Facebook has ported a security feature and anti-cyberbullying tool to m.facebook.com from its web interface. The enhanced password reset feature allows mobile users to have a new password sent to an email address or phone number if they can verify their identity. Social reporting lets users contact the owner of objectionable content, such as an embarrassing photo of them, and ask them to delete it. Facebook is slowly rolling out the features to m.facebook.com, and plans to add them to its native mobile apps such as Facebook for iPhone and Android soon.
With a sizable percentage of users primarily accessing the site via mobile devices, especially in the developing world, Facebook has been making an effort to bring security, safety, and privacy controls of its website to its mobile interfaces. These features will allow users to regain access to their account and protect themselves from defamation without having to find a wired internet connection.
Mobile Password Reset
Currently, mobile users who forget their password can have it emailed or SMS’d to the address or phone number associated with their account. The new enhancements to this interface will help users that may have also lost access to their email address or phone number. When they go to log in on their mobile interface, they’ll have the option to initiate a password reset. They’ll then be able to use social authentication — identifying friends from photos — or other security data to verify they’re the actual owner of the account, and have a new password sent to an email address or phone number of their choice.
A year ago, Facebook began testing social authentication on its web interface to screen suspicious logins. At first, the system ended up locking out some legitimate owners of accounts because they couldn’t identify friends who didn’t show their face in their profile photo, or that they only new from social games. With time, social authentication has been improved such that only photos that clearly show a face are used. Users already have mobile access to many of Facebook’s other account security features, including the ability to remotely end an active session, and require a two-factor authentication to login.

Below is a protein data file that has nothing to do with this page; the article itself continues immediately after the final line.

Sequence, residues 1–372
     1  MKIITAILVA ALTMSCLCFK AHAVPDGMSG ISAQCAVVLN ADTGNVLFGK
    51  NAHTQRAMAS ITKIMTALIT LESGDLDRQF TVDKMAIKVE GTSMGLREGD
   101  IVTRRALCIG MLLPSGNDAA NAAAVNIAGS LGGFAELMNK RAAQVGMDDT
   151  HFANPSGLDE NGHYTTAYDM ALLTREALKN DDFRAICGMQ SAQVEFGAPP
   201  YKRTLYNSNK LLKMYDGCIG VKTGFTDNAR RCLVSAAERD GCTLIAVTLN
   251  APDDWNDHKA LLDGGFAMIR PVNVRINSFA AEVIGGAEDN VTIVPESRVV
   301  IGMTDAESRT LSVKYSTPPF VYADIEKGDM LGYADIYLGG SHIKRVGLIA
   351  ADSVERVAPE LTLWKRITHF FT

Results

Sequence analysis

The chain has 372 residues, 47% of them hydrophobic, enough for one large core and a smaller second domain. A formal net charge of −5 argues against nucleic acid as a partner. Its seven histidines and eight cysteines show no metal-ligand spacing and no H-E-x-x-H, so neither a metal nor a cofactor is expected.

Mobile Social Reporting
Sometimes Facebook users post content that doesn’t necessarily violate the site’s terms of service, but may offend another user. For instance, a friend could upload a photo of another user in a compromising situation that could get them in trouble with their family or employer. Previously users had to either report the issue to Facebook, costing the site support time in cases where they don’t have the grounds to take action against the offending user, or clumsily message that friend or talk to them in person about removing the content.
To solve this issue, Facebook added a social reporting feature to its web interface in March. This allowed users to click a link on an offensive photo, wall post, or other content and send a pre-formatted message to its owner that links to the content and asked them to remove it. Facebook says this has been a success, with 70% of friend-to-friend requests for content to be removed being honored. Now it’s extending social reporting to its mobile interfaces.
Cyberbullying of this nature is big issue for teens who are also some of the most frequent Facebook mobile users, so mobile social reporting has great potential to protect users. This is the latest effort by Facebook to reduce intimidation on its site, having previously formed a child safety advisory board, and launched a family safety center in its Help Center.
Users who stick to the web interface or that use web and mobile in conjunction might not need these new mobile features. However, if their only internet-connected device is their phone, being able to regain access to a hacked account or get a photo taken down that might have gotten them in trouble using the mobile interface could keep them engaged with the site. Otherwise, a phished account or bully could be the end of their time on Facebook.